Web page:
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<font color="red">Video:</font> Lawmakers Sell Competing Visions Of Healthcare

By Shelley Kofler, KERA News

http://stream.publicbroadcasting.net/production/mp3/kera/local-kera-893599.mp3

Dallas – With Congress in recess Texas lawmakers have returned home to sell their visions of the new healthcare bill. KERA's Shelley Kofler says both democrats and republicans think healthcare will help them at election time.

As Senator John Cornyn travels Texas he's reciting the new republican mantra: repeal and replace. That's what he wants to do with the healthcare bill congressional democrats just passed.

Cornyn: Most people, if you believe public opinion polls, didn't like the healthcare bill. Yet Washington decided to jam it down their throats anyway.

Cornyn chairs the National Republican Senatorial Committee. It's his job to get republicans elected. He wants voters to see the healthcare bill as a budget buster. He claims it will so raise the national deficit, insurance premiums and costs for small businesses that republican candidates should make it their central campaign issue. Cornyn's urging candidates to back repeal of the bill and replace it with reforms that would lower the cost of healthcare.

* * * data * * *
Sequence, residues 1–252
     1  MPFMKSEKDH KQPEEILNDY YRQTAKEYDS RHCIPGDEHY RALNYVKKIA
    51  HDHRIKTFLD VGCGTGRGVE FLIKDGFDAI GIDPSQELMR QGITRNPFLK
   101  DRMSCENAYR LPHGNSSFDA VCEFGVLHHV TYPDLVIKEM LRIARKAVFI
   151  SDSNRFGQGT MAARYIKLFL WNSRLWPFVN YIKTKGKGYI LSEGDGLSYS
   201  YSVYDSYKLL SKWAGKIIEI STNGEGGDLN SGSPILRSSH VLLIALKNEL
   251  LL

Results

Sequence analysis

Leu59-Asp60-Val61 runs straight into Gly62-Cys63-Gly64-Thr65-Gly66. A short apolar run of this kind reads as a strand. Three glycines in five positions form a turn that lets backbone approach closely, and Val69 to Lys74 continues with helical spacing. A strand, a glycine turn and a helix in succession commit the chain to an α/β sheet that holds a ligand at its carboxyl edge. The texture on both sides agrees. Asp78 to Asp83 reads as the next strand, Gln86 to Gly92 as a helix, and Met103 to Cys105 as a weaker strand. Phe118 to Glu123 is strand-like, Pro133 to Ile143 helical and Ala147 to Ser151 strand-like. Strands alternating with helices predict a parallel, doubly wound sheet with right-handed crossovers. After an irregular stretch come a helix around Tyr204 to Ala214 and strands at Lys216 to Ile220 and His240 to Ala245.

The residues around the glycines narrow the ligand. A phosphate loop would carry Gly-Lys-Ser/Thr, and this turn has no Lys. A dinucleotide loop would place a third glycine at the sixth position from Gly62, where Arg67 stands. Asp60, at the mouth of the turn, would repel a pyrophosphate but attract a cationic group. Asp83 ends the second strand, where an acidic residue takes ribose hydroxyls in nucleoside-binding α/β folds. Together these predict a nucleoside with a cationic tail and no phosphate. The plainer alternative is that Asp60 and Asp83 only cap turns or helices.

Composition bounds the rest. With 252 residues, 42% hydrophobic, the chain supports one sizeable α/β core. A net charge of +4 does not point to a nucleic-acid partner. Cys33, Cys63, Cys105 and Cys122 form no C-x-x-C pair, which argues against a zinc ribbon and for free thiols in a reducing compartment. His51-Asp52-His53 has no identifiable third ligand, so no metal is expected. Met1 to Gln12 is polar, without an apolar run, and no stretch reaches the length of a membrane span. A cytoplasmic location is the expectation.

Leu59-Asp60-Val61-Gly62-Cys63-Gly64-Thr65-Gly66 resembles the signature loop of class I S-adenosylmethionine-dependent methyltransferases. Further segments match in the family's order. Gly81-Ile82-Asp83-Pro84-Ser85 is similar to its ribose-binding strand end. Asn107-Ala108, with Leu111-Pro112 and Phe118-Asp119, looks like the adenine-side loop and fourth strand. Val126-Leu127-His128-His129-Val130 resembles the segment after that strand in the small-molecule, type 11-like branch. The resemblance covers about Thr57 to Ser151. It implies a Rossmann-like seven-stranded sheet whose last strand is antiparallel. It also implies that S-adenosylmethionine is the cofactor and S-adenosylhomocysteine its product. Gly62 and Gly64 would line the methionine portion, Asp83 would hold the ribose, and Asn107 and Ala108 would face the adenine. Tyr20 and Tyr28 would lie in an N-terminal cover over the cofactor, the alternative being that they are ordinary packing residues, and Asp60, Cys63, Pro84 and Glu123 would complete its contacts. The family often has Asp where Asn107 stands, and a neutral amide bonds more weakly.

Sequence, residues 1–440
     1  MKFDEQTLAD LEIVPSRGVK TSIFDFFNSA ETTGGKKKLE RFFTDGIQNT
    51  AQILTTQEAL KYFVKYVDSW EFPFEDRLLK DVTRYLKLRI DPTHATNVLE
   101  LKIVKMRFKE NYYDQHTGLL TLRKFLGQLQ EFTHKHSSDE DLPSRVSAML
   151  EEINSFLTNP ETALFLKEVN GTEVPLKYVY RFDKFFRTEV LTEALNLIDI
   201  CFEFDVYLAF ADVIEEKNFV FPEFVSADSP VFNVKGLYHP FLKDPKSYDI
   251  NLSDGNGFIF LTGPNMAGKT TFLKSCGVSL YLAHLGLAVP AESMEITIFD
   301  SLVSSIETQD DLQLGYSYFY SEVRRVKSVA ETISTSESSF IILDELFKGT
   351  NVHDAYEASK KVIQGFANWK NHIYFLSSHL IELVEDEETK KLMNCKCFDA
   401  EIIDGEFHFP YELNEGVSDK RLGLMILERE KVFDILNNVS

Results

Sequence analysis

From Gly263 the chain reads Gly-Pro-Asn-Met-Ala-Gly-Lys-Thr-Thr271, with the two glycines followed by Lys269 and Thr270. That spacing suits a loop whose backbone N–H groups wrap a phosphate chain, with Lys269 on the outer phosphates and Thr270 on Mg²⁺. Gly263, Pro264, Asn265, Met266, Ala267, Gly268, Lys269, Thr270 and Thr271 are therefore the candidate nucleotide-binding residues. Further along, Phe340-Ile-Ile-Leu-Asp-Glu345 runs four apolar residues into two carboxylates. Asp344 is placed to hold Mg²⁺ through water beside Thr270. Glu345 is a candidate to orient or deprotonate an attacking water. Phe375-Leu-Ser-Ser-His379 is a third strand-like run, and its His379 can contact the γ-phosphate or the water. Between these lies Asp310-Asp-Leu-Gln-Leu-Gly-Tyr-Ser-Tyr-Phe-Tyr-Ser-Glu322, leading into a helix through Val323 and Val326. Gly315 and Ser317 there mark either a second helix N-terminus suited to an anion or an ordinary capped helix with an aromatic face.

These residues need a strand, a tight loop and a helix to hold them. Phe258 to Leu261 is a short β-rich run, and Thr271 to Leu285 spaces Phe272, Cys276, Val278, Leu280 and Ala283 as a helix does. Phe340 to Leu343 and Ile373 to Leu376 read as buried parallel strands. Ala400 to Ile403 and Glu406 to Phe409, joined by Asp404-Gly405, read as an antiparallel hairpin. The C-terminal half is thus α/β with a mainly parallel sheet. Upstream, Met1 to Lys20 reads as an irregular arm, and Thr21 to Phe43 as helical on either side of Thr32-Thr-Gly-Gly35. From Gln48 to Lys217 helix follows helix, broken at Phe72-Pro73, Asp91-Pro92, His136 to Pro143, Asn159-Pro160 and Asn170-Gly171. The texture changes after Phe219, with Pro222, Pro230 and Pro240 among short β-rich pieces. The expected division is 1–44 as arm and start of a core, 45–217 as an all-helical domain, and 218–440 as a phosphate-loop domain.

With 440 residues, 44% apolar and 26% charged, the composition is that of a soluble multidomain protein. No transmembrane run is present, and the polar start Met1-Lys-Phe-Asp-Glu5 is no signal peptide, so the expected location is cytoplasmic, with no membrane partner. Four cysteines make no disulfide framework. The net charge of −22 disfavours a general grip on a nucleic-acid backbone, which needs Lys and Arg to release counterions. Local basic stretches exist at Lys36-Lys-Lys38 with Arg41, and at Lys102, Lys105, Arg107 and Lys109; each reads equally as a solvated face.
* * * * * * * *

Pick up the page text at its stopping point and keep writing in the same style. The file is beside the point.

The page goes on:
Cornyn: Things like health savings accounts which work very well. Whole Foods in Austin, Texas, use them to empower their employees and to make them conscious of spending. We need to establish the same tax treatment for the insurance for you as a sole proprietor or single business person when you buy your insurance as compared to employer provided insurance. That's not provided now.

Johnson: It's not going to be repealed. There might be portions of it they might go after, but it's an illegitimate goal.

That's Dallas Congresswoman Eddie Bernice Johnson, a democrat who voted for the health plan. She knows that some national opinion polls show a majority of Americans oppose the legislation. She believes that will change when they understand what's in it.

Johnson: Reform is in it with eliminating pre-existing conditions that will help a lot of people. Insurance companies cannot drop you when you're sick which is happening every day now. Caps won't be placed on an illness. There are also opportunities for small business in this healthcare. Most small businesses that hire under 50 people have a very difficult time affording insurance. They can group together under an umbrella organization like the chamber of commerce. They can get a tax credit for covering so much of their healthcare.

Congresswoman Johnson accuses republicans of using scare tactics, of opposing the bill because it places more regulation on republican donors in the insurance industry. Senator Cornyn says that's ridiculous. Insurance companies will actually see their business grown.

Cornyn: People who believe only the government can deal with this are necessarily critical of the private sector. But unless you want to have the government run everything in your life we're going to have to have a private sector involved.

As the message to repeal and replace competes with rejoice and embrace there's some indication voters on both sides are listening. A new CNN poll shows an increasing number of republicans and democrats say they're now enthusiastic about voting in the November mid-term elections. More republicans are motivated, but democrats insist that will change once healthcare bill's benefits sink in.